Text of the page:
Just recently, Secretary of State Condoleezza Rice offered a startling revelation in an essay in Foreign Affairs demonstrating just how far such policy thinking had progressed since 9/11 when she discussed the strategic connection between Iraq, democratic reform in the Middle East, and religious freedom. She wrote: “The democratization of Iraq and the democratization of the Middle East were linked. So, too, was the war on terror linked to Iraq, because our goal after September 11 was to address the deeper malignancies of the Middle East, not just the symptoms of them.”31
The “malignancies” Secretary Rice referred to was how best to manage and unite Sunnis and Shiites in Iraq, and exterminate religious fanatics, namely Al-Qaeda operatives, in behalf of world peace. “In the long term,” she argued, “our [national] security is best ensured by the success of our ideals: religious freedom, human rights, open markets, democracy, and the rule of law.”32 This is exactly John McCain’s argument.
Circling the Wagons
Most people do not comprehend the larger strategy: a three-step process of democratization, religious freedom, and proselytization; using peaceful diplomatic means, and short of that, force, to achieve its ends. It has a decided “missionary” component, with the tanks circling not to defend but to intimidate and coerce all those who work against world unity.
The circling of the religious and political wagons (i.e., “tanks”) can be seen in the anxious, threatening July 29 press release by Abu Yahya al Libi, a close associate of Al Qaeda’s leader Osama bin Laden. Catholic World News reported that al Libi called for the death of Saudi Arabia’s King Abdullah for making an ecumenical pact with Pope Benedict XVI in November (2007) and allowing the Roman Catholic Church to build several cathedrals in Saudi Arabia.33
Certainly, the moral force to bear on such extremists is clearly warranted. But where does it ultimately lead, and when does it end? Good intentions are one thing, but as Benjamin Franklin once wrote: “Those who would give up essential liberty to purchase a little temporary safety deserve neither liberty nor safety.”34
The use of force in addition to the use of diplomatic “big sticks” to bring about religious freedom in lands that propagate terrorism and terrorists may sound good to us now because we are not the target, and it keeps us comfortable and secure. But prophetically speaking, the growing trend of uniting ecumenically and politically to achieve this goal—whether coming from Rome, from the leaders of our country, or both—carries with it the seeds of democratic dictatorship and intolerance in its train—not true religious freedom as we understand it today, despite the glowing rhetoric of religious freedom and human rights increasingly attached to it. E.G. White, a prominent 19th and early 20th-century Protestant reformer, once wrote about the coming circling of the wagons: “Foreign nations will follow the example of the United States. Though she leads out, yet the same crisis will come upon our people in all parts of the world.”35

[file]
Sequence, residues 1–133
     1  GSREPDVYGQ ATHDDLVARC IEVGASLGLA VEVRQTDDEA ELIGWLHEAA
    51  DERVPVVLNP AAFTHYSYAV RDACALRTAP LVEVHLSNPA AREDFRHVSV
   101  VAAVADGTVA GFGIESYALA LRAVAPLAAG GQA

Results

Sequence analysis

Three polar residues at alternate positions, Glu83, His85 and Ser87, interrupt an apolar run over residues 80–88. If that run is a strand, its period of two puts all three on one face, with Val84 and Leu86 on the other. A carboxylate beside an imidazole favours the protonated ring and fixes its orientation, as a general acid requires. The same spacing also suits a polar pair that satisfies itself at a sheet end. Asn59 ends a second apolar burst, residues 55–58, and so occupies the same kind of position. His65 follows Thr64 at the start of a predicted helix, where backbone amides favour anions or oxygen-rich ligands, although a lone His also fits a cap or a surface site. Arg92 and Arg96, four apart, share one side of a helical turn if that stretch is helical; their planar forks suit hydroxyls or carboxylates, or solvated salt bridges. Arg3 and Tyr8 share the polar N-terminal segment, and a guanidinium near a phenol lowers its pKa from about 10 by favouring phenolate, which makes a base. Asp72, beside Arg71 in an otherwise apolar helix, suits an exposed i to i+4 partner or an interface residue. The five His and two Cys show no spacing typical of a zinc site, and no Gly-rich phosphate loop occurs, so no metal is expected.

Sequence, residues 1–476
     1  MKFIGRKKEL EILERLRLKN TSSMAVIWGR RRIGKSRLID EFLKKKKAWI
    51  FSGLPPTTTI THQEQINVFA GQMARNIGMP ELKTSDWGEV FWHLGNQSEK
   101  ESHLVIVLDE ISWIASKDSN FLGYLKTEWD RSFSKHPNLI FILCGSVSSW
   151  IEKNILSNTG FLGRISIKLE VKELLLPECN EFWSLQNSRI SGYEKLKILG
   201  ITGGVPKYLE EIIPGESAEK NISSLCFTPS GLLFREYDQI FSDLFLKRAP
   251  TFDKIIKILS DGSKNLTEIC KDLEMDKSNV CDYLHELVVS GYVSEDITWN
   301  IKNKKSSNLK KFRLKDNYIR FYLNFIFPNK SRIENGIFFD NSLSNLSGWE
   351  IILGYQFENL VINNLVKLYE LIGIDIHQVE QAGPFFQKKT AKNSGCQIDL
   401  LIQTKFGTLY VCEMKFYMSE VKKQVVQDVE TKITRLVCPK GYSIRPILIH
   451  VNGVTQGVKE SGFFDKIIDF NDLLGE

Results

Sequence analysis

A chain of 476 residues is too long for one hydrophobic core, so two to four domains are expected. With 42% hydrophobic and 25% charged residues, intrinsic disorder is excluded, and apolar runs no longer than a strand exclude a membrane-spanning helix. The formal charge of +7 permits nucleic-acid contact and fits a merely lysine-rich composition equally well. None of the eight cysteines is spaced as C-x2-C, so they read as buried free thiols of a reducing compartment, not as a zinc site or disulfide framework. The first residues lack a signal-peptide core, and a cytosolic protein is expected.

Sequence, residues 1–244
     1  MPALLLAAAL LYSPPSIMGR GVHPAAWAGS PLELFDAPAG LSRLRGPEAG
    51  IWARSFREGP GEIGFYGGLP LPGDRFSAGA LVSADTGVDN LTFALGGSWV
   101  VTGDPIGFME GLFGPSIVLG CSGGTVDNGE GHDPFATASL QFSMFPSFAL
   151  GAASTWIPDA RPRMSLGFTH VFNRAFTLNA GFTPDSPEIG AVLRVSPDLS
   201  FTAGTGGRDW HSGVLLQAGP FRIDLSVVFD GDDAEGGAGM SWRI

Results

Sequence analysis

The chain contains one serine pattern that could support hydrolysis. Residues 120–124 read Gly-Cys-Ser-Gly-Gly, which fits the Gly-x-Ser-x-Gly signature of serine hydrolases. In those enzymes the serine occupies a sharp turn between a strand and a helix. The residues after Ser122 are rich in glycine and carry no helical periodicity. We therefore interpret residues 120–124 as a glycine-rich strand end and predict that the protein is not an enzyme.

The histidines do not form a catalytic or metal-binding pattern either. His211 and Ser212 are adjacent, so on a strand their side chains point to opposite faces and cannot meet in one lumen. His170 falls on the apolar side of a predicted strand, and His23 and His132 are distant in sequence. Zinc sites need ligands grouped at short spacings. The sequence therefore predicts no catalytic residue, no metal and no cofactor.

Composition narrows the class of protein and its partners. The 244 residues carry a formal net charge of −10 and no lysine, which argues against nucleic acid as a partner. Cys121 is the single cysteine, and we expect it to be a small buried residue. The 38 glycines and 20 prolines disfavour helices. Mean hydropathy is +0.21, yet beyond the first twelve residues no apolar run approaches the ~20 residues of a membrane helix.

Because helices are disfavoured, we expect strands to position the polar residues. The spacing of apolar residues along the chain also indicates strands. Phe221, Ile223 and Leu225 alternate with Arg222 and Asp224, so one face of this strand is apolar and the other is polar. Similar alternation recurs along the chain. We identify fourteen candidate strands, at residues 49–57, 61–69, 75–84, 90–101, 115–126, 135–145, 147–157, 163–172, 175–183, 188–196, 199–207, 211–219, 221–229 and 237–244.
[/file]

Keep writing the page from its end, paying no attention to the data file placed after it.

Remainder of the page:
In context of making void God’s law by forcing American citizens and the world to worship on Sunday instead of the true Sabbath, White also wrote that “The nation will be on the side of the great rebel leader.”36 It would not be surprising if a religious worship law—national and universal—is decreed in the name of both preserving the peace, security, and common good (or “ecumenical” good) of the world (i.e., in the name of world peace and security). Tolerance instead of religious freedom is the new word of choice these days. It is even being argued today that tolerance and religious freedom are ideals that are only as strong as peace and security. To secure the one—peace and security—is to secure the other—unity and religious tolerance. In the meantime, religious freedom as a guarantee is conveniently lost along the way.
Exporting religious freedom abroad by force is doing the same in the spirit of coercion—the very spirit of the dragon found in Revelation 13:11, and paradoxically a pattern throughout Revelation 13 in which powers that appear to have holy agendas are dragon-like in spirit, using dragon-like methods.37 It seemed so right after 9/11 because we had been attacked. But it is, in fact, an ideal that cannot be morally sustained. It is wrongheaded.
In this sense, when it comes to foreign policy, the spirit of Protestantism in America has yielded to the Catholic spirit of forced uniformity for the sake of international unity, peace, and security. In other words, defining religious freedom in terms of ecumenical and political unity for the sake of international cohesion is not true religious freedom. It is the spirit of coercion.